How to create a better school system

Every year, hundreds of millions of children enrol in public, municipal Indian schools, strictly following a set-out curriculum. This is normal, as every country sets up a curriculum that each public school has to follow. However, the issue in India is not what the children are being taught, but how they are being taught.

By interviewing people who used to be taught in the schooling system here in India, I found that the Indian education system is set out in such a way that children are constantly memorising dates, lessons, and various other pieces of text or information that they must regurgitate. There is no creative or innovative thinking involved. The fact that the Indian education system overvalues memorisation over innovation and originality is its biggest limitation. Memorising material simply isn’t going to teach children the skills they require to be successful.

I run a service club at my school, where my colleagues and I allow children coming from public schools through NGOs to explore their creativity by helping them build toys from recycled material. One day, as we were teaching, I approached one of the kids: “Have you ever done a workshop like this in school?” He laughed and said: “In school? Never!”

Although I expected that response, I was still shocked. Having been in many different education systems due to constantly moving around, it made me think about the way I was being taught, which brought me to a realisation: School loses purpose without education.

Being in an education system where most students have been taught in many different ways (many of these not incorporating ideas of creativity, like in India), I decided to ask them questions on how they felt about creativity and innovation, and about a school’s purpose without the incorporation of these skills.

Statements such as “school isn’t just about academics” or “creativity is an integral part of everyone’s life” were the themes of each interview, and not a single person questioned doubted the importance of creativity. While all of them did say there had to be some aspect of real, hard academics, they agreed that creativity was a necessity that didn’t just keep them engaged in school but also felt like learning something meaningful.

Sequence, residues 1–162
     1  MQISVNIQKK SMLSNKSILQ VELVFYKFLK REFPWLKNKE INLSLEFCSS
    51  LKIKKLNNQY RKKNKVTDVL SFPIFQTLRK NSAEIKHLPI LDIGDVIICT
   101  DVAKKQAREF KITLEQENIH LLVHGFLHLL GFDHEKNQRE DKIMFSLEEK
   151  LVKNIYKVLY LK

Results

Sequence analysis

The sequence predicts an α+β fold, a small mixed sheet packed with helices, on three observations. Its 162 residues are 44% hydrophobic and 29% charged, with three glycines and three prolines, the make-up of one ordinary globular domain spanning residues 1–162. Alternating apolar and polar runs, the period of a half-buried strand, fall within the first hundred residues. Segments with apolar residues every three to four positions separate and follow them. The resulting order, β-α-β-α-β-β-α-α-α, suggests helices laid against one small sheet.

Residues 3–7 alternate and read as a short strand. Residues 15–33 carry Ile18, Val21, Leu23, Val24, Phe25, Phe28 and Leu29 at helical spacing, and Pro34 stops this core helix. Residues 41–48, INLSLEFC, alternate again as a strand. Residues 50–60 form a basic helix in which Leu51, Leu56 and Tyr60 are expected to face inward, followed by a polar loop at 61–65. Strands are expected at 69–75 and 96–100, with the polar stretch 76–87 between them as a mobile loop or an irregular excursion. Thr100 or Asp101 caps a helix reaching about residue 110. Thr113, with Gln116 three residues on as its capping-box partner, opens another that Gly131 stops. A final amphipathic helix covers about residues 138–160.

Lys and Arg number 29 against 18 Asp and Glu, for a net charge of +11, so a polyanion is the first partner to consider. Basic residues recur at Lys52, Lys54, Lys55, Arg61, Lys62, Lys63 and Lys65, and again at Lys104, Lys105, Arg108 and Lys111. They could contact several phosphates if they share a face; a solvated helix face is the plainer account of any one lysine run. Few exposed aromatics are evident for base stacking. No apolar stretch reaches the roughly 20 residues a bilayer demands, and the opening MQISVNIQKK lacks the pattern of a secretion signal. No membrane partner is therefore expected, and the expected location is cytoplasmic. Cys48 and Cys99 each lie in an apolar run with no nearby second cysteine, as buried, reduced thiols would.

However, creativity isn’t only about finding success in school or later, as most of the interviewed students said. Some said that creativity “allows children to express themselves for who they really are”, and not become people “who just know how to follow directions”. One even argued that restricting creativity might give children “the idea that expression is a negative thing”. Not only do people think that creativity might educate children in order to help them succeed later, they also think that on a personal level, creativity is a great and important thing. Creativity will allow people to express themselves and be who they really are without doubting themselves.

I found that the main thing most people were talking about weren’t their life experiences and how creativity might be useful during school, but about why creativity was important after school. People thought that without creativity, the world would be “stagnant”, without change, and even that society wouldn’t be able to “move forward”.

If a skill keeps being overlooked by the education system, there won’t be any innovation or flow of ideas coming from these individuals and nothing will evolve.

As Ken Robinson, a famous educationist, said: “Creativity is putting your imagination to work and it has produced the most extraordinary results in human culture.”

If education systems keep discouraging it, people won’t know how to put their imagination to work — an indispensable skill in our era.

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